Previews for shared buffer PR
info at michaelhoffer.de
Fri Jun 7 10:17:33 UTC 2019
Hi Johan, hi all,
I want to share some thoughts on native buffer support aka JDK-8167148:
As I and many others have pointed out in the past, better native buffer
support is a great opportunity for JavaFX to leverage the power of external
visualization libraries and frameworks. It is a great way for community
members to contribute new features to the scene graph. For many of us in
the scientific world it opens the door to finally using JavaFX as a
replacement for native solutions since we can integrate performance
critical components into the scene graph.
In the past I have been a little grumpy about the fact that little progress
has been made on this front for quite some time. For me, it was almost
impossible to promote JavaFX in favor of Swing or Qt. Projects like DriftFX
have shown that there's interest in even more efficient solutions than just
CPU based buffer sharing as it has been proposed by JDK-8167148.
But things are changing. From a performance perspective DriftFX is by far
the most promising solution. But for me, a stable solution as proposed in
JDK-8167148 is even more important as it gives DriftFX the ability to use
it as fallback, i.e., it will work much more reliably even if direct
texture sharing does not work for some reason (drivers, hardware
limitations etc.). Ambarish Rapte has started to work on a PR that already
provides initial buffer support. I tried his implementation and found that
render performance increases by roughly 50% compared to the classic
PixelWriter approach. This is a significant improvement. For me, it worked
exactly as advertised :) Thanks for this contribution.
I will reanimate my experiments with a shared memory rendering solution
based on boost IPC. That allowed me in the past to render full HTML5
(including WebGL) in JavaFX (see https://github.com/miho/VFXWebKit). But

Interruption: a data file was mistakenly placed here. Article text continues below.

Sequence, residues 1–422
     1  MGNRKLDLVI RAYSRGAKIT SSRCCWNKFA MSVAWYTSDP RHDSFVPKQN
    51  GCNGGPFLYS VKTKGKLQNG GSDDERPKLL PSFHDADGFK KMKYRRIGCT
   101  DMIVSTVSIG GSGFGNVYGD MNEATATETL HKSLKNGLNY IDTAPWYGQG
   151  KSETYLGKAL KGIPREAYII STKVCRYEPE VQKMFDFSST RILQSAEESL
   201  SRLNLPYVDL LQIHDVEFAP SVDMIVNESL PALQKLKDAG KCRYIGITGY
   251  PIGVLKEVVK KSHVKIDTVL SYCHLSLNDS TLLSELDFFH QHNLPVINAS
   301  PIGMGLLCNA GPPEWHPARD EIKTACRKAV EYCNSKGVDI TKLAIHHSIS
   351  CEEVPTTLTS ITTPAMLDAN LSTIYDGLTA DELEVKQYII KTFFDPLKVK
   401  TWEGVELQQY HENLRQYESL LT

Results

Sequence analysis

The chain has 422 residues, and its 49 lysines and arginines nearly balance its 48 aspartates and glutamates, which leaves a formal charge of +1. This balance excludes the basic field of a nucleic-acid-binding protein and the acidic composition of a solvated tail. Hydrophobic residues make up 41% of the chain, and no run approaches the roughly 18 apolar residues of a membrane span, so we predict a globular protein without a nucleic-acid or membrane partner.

due to the performance limitations the project wasn't really practical. In
general, we should allow foreign rendering technologies to be integrated
into the scene graph. That will ensure that JavaFX will stay relevant for a
very long time. JDK-8167148 is a very important step in this direction.
Johan, thanks for providing the preview builds. They make testing really
easy. Ambarish, thank you so much for your PR.
Dr. Michael Hoffer
Web: mihosoft.eu <http://www.mihosoft.eu/>
Goethe-Zentrum für Wissenschaftliches Rechnen (G-CSC)
60325 Frankfurt am Main
phone: +49 69 798 25254
info at michaelhoffer.de
Am Fr., 7. Juni 2019 um 11:43 Uhr schrieb Johan Vos <johan.vos at gluonhq.com>:
> The PR discussed in https://github.com/javafxports/openjdk-jfx/pull/472,
> addressing https://bugs.openjdk.java.net/browse/JDK-8167148 provides a
> much wanted feature. It is important that things are done in the right way
> so that the code can be maintained in the long-term future.
> Therefore, feedback on this PR is extremely important before we can
> consider merging it. Once this PR is merged, there is no easy way back. It
> is possible to add more functionality, hence my preference is to only
> implement the functionality that is safe and stable, while allowing other
> functionality to be added later or by third-party extensions. (e.g.
> (avoiding) copying from/to GPU)
> To make it easier to give feedback, we've build early access versions of
> SDK's including this PR. Note that the PR is not merged, hence not
> available in the regular EA downloads!
> If you want to give it a try, download the SDK's from the URL's below.
> There is a test in tests/manual/graphics/PixelBufferPerformanceTest (
> that should get you started.
> - Johan
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